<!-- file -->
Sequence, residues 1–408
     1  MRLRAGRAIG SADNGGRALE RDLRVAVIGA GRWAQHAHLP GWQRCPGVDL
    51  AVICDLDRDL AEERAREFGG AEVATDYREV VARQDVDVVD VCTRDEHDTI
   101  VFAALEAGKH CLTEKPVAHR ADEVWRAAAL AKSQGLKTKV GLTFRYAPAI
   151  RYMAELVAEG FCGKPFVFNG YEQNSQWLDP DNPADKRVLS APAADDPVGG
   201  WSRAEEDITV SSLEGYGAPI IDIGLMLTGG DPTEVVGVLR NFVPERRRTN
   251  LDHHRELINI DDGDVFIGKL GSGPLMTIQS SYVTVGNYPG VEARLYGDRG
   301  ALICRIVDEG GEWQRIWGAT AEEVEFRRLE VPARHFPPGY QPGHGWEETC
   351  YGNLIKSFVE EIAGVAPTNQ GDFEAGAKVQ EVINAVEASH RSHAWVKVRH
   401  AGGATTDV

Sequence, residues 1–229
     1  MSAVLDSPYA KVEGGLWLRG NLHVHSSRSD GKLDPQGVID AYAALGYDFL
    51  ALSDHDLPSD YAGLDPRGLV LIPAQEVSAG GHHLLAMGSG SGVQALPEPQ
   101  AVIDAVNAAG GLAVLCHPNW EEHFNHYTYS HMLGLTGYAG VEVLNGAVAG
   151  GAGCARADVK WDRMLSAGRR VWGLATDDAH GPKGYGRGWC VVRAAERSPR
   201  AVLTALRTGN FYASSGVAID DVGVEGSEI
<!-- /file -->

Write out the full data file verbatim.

Sequence, residues 1–408
     1  MRLRAGRAIG SADNGGRALE RDLRVAVIGA GRWAQHAHLP GWQRCPGVDL
    51  AVICDLDRDL AEERAREFGG AEVATDYREV VARQDVDVVD VCTRDEHDTI
   101  VFAALEAGKH CLTEKPVAHR ADEVWRAAAL AKSQGLKTKV GLTFRYAPAI
   151  RYMAELVAEG FCGKPFVFNG YEQNSQWLDP DNPADKRVLS APAADDPVGG
   201  WSRAEEDITV SSLEGYGAPI IDIGLMLTGG DPTEVVGVLR NFVPERRRTN
   251  LDHHRELINI DDGDVFIGKL GSGPLMTIQS SYVTVGNYPG VEARLYGDRG
   301  ALICRIVDEG GEWQRIWGAT AEEVEFRRLE VPARHFPPGY QPGHGWEETC
   351  YGNLIKSFVE EIAGVAPTNQ GDFEAGAKVQ EVINAVEASH RSHAWVKVRH
   401  AGGATTDV

Sequence, residues 1–229
     1  MSAVLDSPYA KVEGGLWLRG NLHVHSSRSD GKLDPQGVID AYAALGYDFL
    51  ALSDHDLPSD YAGLDPRGLV LIPAQEVSAG GHHLLAMGSG SGVQALPEPQ
   101  AVIDAVNAAG GLAVLCHPNW EEHFNHYTYS HMLGLTGYAG VEVLNGAVAG
   151  GAGCARADVK WDRMLSAGRR VWGLATDDAH GPKGYGRGWC VVRAAERSPR
   201  AVLTALRTGN FYASSGVAID DVGVEGSEI